Technical Difficulties

Like a normal tech podcast, but broken.

Potatowire finally leaves the crib, joining Gabe and Erik to discuss command-line text editing with vim. We learn how he started, why he uses a forty-year old text editor, and some cool things you can do when your hands never have to leave the keyboard.

This is weird

This is a strange episode for me. Usually I am the guy who comments from outside the conversation, and I am often the one who stitches the links and asides together with narrative. In this case Gabe and Erik asked me to come into the conversation as it happened, rather than afterwards.

This also meant that I had to listen to my own recorded voice, which I usually try to avoid. Anyway, what follows is a long discussion about Vim and the terminal. I am very strong proponent about Vim, but I try not to browbeat people about it, since I know that it works best for me, and not necessarily for everyone else. Though it should be. Damn it, that slipped out.

Also, if it seems like my attention occasionally wandered, my kids came home during the middle of the recording, and my daughter, in particular, thought she ought to have my undivided attention periodically. I am not a professional.

Introducing Potatowire

Listen to this section on SoundCloud: 0:00

“I like my friends online where I can keep an eye on them.”

The story about how I became so fascinated by Vim and the command line is not terribly glamorous or interesting. I think Dr.Drang has a much better story, leaving aside some of the great material that exists from the formative years of these tools.

Like many kids, I liked video games before I liked computers, and in my case, the two first became connected by the Commodore 64, which was both computer and game platform. It wasn’t really great at either function, but I didn’t know that. I loved Jumpman and Popeye, and that even caused me to dig into the Programmer’s Reference Guide to try to write my own game.


I may have stunted my programming growth by starting too young though, because I didn’t go back to programming again until college.

It was also in college that I really realized that the command line lurked there underneath the surface of all that pretty GUI. I don’t remember what I was trying to do, but I was having some trouble accomplishing a task with the wonderful computer that I had been given, and the guy who lived across the hall from me asked me why I didn’t just do whatever it was in DOS instead of in Windows 3.11. I dug in a little, and the command line had me hooked.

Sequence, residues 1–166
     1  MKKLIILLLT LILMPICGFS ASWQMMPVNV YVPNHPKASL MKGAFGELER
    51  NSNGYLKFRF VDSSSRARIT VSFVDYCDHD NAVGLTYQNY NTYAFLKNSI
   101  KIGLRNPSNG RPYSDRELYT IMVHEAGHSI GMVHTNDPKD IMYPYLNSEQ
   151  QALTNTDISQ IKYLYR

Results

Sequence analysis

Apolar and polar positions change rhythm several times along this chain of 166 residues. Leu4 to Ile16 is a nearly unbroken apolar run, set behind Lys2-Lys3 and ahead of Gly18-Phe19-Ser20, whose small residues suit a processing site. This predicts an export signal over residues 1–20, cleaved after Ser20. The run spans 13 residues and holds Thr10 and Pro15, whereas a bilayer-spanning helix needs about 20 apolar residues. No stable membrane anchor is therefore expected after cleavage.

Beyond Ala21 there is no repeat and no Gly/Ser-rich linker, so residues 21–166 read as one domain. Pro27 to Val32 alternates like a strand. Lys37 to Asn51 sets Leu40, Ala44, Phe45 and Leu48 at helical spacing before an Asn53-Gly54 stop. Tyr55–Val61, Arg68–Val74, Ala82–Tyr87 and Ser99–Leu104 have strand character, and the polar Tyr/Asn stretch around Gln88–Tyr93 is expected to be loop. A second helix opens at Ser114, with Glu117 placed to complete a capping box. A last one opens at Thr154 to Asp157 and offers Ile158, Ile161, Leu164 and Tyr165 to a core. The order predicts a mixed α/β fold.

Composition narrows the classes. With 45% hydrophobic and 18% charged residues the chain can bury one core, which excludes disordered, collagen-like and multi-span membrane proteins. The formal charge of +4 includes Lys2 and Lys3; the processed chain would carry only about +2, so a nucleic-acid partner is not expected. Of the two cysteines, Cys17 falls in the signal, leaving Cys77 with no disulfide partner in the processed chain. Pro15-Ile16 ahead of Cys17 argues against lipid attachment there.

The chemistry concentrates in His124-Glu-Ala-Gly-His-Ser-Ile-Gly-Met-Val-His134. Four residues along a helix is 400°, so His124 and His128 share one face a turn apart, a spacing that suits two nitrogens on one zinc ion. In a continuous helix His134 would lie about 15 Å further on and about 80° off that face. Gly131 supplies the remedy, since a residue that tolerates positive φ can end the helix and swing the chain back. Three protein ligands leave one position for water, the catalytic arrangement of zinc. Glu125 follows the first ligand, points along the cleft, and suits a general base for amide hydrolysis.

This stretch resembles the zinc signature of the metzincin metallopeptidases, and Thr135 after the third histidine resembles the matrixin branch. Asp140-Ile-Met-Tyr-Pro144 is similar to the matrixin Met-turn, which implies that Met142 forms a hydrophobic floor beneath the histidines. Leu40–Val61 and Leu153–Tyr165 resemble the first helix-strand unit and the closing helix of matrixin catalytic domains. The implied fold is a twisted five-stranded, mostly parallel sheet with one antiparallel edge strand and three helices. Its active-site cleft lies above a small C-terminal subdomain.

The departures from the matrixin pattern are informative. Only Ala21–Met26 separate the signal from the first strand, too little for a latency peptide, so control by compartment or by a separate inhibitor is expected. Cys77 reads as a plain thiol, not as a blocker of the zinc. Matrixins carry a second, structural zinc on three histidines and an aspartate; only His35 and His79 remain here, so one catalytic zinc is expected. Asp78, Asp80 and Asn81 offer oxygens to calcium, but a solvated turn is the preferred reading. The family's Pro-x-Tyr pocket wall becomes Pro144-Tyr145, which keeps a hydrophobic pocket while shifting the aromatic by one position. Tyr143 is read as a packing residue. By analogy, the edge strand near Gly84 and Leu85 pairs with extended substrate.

If a friend of mine hadn’t done exactly the same thing to me freshman year in college (and provided me with a lot of advice over the next few years) I’d be a much less capable computer user today.

Fast forward to 2004, and I had a little extra money that I excitedly plunked down to buy a PowerBook G4 1.5 17”. It was a revelation. As I poked around this new-to-me OS X I discovered the hidden settings made possible by defaults write. I was in love with the command line all over again.

The management regrets the error

I said that I bought my new Mac in 2007, but I meant 2004. Was there something else that happened in 2007?

My computer use took another leap forward in its evolution when I read a post on O’Reilly’s Radar, which has since been lost from both my mind and my bookmarks, about this editor called Vim that I really knew nothing about. This was interesting, but nothing really changed for me until I read Steve Losh’s post about Coming Home to Vim. I thought it was wonderful and compelling and I switched text editors on the spot.

Section Links

Learning about the tools

Listen to this section on SoundCloud: 11:36

tmux - The Terminal Multiplexer

Tmux is a terminal multiplexer. That didn’t mean much to me when I was first told that either, but the idea is that you can have multiple terminal sessions in a single terminal window or emulator. You can organize these into panes by splitting the windows into sections, or into windows, which most of us would think of as tabs. Another main feature is that you can detach from a session, and anything you have in progress will continue on while you are away. When you later attach back to your session, everything is as you left it, even though you may have closed your terminal window, restarted your computer, or have decided to ssh-in using your phone.

Much of the discussion in the audio was devoted to Vim, and tmux alone is worthy of its own show, but if this has piqued your interest, there are countless resources available online, from basic crash courses to the more exhaustive. While I do wonder about the cost, the Pragpub tmux book is a very good way to go from zero to tmux-functional in a couple days. In case you’re wondering, I remained too cheap to buy it, but a friend gave it to me, and I can personally vouch for it as a good starting point.

Vim - Everything Improved

Now, those of you familiar with Vim know that it isn’t very easy to switch to without significant forethought. For starters, it is ugly right out of the box. Really ugly. Second of all, once you try to type something into the ugly window, say, hello world you will actually see this:

Windows version, so even uglier